EU immigration to the UK
How many EU immigrants come to the UK, how many leave, and what effect has Brexit had?
Has there been a ‘Brexodus’ of EU citizens since the referendum?
What's happened to immigration, EU workers and the population since the Brexit referendum?
Is 82% of population growth driven by migration?
Including children born to immigrants, this seems broadly correct for the period 2001-2016, although 82% is too precise an estimate.
One born every minute? How many migrants arrive in the UK and how many children do they have?
About 775,000 children were born in the UK in 2016, 210,000 to non-UK born mothers. Net migration was at around 245,000 in the year to September 2017.
What was known about Windrush in 2014?
In 2014, a report included stories of individuals of the Windrush generation facing difficulties proving their immigration status. We don’t know whether Theresa May saw the report first-hand, though the Home Office was made aware of the findings.
The net migration target was never likely to have been met
Governments since 2010 have set a target to reduce net migration to the tens of thousands, and this target has never been met.
How many non-EU students are staying in the UK illegally?
The vast majority of students here on a visa seem to be returning home, according to new data from the Home Office.
How many international students leave after studying in the UK?
There aren’t official figures to prove how many international students return home after their studies, and the available evidence which might give an indication is contradictory.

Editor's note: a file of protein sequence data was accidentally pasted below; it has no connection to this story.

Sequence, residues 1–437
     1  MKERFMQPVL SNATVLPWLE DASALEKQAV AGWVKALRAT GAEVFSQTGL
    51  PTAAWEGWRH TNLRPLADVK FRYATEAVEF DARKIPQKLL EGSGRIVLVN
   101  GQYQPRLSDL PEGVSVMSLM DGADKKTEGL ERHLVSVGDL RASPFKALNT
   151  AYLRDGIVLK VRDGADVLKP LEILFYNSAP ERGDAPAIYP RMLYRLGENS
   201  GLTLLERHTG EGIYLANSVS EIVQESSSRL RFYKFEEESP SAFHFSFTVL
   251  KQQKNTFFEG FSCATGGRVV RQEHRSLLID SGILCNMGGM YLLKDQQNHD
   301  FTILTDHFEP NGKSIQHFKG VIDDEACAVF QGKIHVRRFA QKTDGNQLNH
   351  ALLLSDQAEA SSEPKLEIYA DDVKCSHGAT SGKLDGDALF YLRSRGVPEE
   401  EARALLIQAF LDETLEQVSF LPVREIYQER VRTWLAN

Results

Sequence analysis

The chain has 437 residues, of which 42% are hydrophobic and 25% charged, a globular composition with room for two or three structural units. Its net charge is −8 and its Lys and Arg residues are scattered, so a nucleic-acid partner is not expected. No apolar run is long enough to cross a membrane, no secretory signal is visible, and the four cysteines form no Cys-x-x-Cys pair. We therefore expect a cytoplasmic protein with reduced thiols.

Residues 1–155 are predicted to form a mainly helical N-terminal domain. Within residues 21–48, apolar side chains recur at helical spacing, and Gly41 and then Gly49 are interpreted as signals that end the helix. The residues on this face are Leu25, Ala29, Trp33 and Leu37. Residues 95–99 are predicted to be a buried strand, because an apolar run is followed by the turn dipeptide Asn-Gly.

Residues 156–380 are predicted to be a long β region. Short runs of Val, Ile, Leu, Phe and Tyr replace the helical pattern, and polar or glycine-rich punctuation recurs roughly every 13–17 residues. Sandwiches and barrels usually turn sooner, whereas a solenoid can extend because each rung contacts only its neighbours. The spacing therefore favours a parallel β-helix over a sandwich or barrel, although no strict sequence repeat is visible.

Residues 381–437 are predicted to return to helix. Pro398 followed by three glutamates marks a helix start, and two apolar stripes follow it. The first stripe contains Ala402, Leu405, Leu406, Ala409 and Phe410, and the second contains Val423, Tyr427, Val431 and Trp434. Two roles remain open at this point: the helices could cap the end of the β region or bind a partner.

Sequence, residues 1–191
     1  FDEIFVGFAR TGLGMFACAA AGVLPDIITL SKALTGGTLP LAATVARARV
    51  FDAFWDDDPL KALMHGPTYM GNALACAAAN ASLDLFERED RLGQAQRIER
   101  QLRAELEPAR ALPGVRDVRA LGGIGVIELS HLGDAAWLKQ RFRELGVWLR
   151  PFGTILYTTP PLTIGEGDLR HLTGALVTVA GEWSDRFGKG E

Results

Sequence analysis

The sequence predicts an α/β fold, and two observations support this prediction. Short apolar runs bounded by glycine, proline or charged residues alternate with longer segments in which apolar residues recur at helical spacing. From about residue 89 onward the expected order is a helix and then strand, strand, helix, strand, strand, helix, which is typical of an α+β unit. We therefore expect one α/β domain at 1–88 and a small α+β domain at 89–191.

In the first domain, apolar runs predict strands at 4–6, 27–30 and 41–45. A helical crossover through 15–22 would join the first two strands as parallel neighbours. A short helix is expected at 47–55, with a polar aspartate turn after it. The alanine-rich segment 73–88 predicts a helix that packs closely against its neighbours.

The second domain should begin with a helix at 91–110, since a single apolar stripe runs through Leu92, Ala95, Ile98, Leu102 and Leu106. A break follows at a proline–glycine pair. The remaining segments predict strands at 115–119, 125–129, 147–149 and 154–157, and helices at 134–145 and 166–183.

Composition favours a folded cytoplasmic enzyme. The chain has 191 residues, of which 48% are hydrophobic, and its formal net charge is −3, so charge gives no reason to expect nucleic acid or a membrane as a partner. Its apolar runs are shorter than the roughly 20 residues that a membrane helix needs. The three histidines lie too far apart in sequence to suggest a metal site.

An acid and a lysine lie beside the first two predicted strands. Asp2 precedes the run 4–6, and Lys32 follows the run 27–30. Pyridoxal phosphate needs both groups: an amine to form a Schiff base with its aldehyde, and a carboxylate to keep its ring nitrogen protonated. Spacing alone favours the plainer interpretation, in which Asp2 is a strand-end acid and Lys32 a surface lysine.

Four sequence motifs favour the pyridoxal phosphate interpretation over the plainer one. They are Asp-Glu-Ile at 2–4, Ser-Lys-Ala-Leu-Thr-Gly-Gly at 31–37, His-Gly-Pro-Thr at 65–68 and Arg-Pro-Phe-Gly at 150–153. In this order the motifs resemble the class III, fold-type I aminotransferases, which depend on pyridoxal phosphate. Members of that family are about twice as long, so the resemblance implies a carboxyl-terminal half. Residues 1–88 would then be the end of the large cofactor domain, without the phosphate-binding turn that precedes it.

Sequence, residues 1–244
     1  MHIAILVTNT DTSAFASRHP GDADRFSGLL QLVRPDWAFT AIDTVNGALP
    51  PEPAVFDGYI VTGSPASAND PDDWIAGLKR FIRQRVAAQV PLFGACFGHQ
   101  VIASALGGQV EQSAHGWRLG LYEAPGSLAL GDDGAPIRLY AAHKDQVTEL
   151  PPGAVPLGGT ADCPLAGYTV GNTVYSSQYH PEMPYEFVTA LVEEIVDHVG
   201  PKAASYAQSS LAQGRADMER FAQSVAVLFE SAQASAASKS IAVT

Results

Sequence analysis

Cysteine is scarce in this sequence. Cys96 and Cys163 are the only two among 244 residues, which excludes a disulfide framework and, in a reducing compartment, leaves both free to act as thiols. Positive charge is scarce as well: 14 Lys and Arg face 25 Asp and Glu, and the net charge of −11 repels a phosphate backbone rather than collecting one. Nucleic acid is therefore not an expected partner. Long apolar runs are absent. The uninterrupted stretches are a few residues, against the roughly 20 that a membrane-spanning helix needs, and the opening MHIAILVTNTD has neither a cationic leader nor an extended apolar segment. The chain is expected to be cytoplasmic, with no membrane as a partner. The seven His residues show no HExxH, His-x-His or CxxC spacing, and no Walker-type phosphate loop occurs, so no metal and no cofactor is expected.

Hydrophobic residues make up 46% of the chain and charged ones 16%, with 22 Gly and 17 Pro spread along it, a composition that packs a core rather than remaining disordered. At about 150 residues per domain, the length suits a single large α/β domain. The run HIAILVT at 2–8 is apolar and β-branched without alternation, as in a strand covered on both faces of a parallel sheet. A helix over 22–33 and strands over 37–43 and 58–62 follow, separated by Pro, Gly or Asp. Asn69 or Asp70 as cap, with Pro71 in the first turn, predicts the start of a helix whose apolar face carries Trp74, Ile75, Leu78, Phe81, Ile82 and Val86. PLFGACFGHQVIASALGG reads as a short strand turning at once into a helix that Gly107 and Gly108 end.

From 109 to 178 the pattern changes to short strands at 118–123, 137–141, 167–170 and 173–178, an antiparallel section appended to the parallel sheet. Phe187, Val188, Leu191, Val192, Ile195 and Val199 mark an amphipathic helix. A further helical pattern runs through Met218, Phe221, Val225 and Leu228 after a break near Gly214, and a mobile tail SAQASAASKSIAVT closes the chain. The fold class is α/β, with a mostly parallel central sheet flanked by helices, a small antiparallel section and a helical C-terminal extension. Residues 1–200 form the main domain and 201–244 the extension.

Election 2017: what the parties haven’t told voters
Full Fact factchecks what the parties do say. Often what they haven't said matters even more.
Why do immigrants come to the UK?
This briefing looks at levels of migration to the UK, how the UK compares to other EU countries, and evidence on what factors drive immigration to the UK.
What’s happened to migration since 2010?
The Conservative manifesto restated the government's commitment to get net migration down to the tens of thousands. But what's been happening to net migration in recent years?
Conservative Manifesto: Immigration trends
We've factchecked claims from Theresa May's speech at the Conservative party manifesto launch.
The net migration target and the 2017 election
Since 2010, the centrepiece of UK migration policy has been the net migration target, which aims to reduce net migration to the tens of thousands.
Too soon to say if EU referendum has led to genuine falls in immigration
You need to tread carefully when drawing conclusions about today's headlines.
Net migration equals a city the size of Cardiff
Net migration in the UK was 327,000 in the year to March, roughly a city the size of Cardiff or Wakefield. It’s not at this level every year, but has been since 2015.
Net migration: still at record high and trend flat
Net migration estimates show a continuation of recent trends, with the change over last year almost five times smaller than the margin for error.
The government's immigration target: does EU immigration matter?
The Prime Minister claims that EU and British net migration was in balance as recently as 2008, but the figures themselves can't prove this.
EU immigration to the UK: what the National Insurance numbers reveal
A new analysis by statisticians tries to explain the gap between our immigration estimates and NI numbers issued to EU nationals.
Can we trust our immigration figures?
We issue many more NI numbers to nationals from the rest of the EU than the number of EU nationals estimated to be immigrating here. We don't yet know why.
Would net migration fall by 100,000 if the UK left the EU?
There’s no way to know whether net migration would fall by 100,000 if the UK leaves the EU.
Why don't we know how many migrants are entering and leaving the UK?
Net migration last year was estimated at 298,000. We looked at why we don't know exactly how many migrants are entering and leaving the UK.
Net migration was bigger than we thought
Full Fact Live: factchecking in brief from Full Fact and elsewhere.